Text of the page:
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Who will be holding up Lydia’s Cup this year?

Last year’s Lydia Cup women’s champs Pi Beta Phi. Photo via Campus Recreation.

The academic year is coming to a close, which means the end of intramural sports season is also near. Soon, it will be time for the second-ever Lydia’s Cup champion to be crowned in the men’s and women’s divisions.

Scott Wood, the second year assistant director of campus recreation, has undertaken the responsibility of organizing intramurals for all students. According to him, the intramural program has improved in the last two years.

“We still have some little improvements yet to go, but teams seem like they’re enjoying playing all the different sports that we’re offering, and they’re having fun,” Wood said.

During Wood’s tenure, the concept of Lydia’s Cup emerged. The cup is the year-long competition for the all-sports intramural champions at Bradley.

In order to capture Lydia’s Cup, a team must continuously use the same name and compete in multiple intramural sports. In each league, tournament and activity that teams participate in, they recieve all-campus intramural sports points. More points are given for the higher level of play and placing.

Currently, Delta Tau Delta and Chi Omega are leading the men’s and women’s divisions with 505 and 220 points, respectively.

Fraternity and sorority teams regularly compete in Lydia’s Cup with so many members available to play in sporting events.

Delts’ sports chair, freshman Derek Warnstedt, noted how surprised his fraternity was when they found out they were in first place last semester and how they wanted to pursue it to the end.

“When we found out Delts were in the lead for Lydia’s Cup in October, we decided to try participating in every sport possible,” Warnstedt said. “It’s been fun trying out different sports Bradley has to offer like table tennis, indoor soccer and floor hockey. We can’t wait to finish the year strong in all sports.”

Chi Omega sports chair, sophomore Natalia Skop, believed while being competative at athletics is fun, it’s more about the gained bonding experience.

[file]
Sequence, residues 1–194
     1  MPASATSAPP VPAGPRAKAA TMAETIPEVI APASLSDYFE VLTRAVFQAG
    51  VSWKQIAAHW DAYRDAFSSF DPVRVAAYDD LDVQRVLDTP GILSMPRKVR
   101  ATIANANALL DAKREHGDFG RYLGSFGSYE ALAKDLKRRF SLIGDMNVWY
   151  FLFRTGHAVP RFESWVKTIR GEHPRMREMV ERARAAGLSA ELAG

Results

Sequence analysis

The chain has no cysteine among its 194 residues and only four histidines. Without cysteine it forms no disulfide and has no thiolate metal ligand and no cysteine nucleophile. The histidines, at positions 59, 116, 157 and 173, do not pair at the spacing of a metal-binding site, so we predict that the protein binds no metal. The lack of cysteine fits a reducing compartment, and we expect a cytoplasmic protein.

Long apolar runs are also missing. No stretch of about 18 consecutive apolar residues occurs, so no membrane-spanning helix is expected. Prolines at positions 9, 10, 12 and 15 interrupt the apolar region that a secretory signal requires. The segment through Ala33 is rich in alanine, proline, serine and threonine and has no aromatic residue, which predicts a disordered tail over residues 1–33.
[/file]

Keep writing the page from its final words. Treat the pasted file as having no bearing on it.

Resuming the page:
“It’s been a ton of fun spending time together and encouraging each other to do better,” Skop said. “This experience was all about determination and bonding, and I had a great time being a part of it. I’m grateful for everyone’s participation, because this wasn’t just about being athletic but about having fun together.

Delta Upsilon is in second place for the men at 467 points, while Pi Beta Phi is in second place for the women at 190.

With the establishment of an overall championship, Wood has focused on other problems regarding intramurals. For example, in the last two years, forfeits have become less of a problem – almost to the point of being a rarity.

Last year’s Lydia Cup men’s champs Delta Upsilon. Photo via Campus Recreation.

A forfeit occurs when teams don’t show up without notice, field ineligible players or commit unsportsmanlike conduct. A team can be fined, banned or receive a reduction in points as punishment for the aforementioned forfeits.

Defaults, however, still remain difficult to avoid.

At Bradley, a default is when a team notifies the Markin Center Control Desk of its upcoming absence up to an hour before its scheduled game time versus an opponent.

“Defaults still hurt the program because teams want to play [each other],” Wood said. “They don’t want to win because the other team didn’t show up. And that’s something that I’m still looking into to obviously better the program.”

Major sports like flag football, basketball, softball and 5v5 indoor soccer tend to be full but smaller sports are prone to defaults. Wood said during the basketball season, there were only five defaults in 105 games and no forfeits. But during floor hockey and 4s volleyball, five defaults occurred in the first week.

Another improved aspect is refereeing. Officials will now become all-sport refs that have an understanding of every sport played at Bradley. While this may involve more training, it will further the quality of refs, according to Wood.

“It’s still a challenge [to find quality referees],” Wood said. “I’m changing the philosophy. I’m hiring only like 20-25 to ref all sports instead of focusing on just soccer or basketball. A lot of them are current officials that want to ref all sports next year … The team of officials will be more cohesive.”

Along with those changes comes new and returning sports, including an arena football league instead of just a tournament that is usally hosted.

“I’m going to try to come up with some good activities,” Wood said. “Obviously, extreme dodgeball and wallyball. We’re thinking of doing a 2v2 basketball tourney as well – something that’s just fun and different.”

Entry fees will increase in Fall 2019 for Level 1A sports from $25 to $35 in order to cover the costs for the rising minimum wage and internal services.

If you’re interested in creating a team and playing in any of the remaining intramural sports, go to or contact campus recreation via Twitter @BU_CampusRec.

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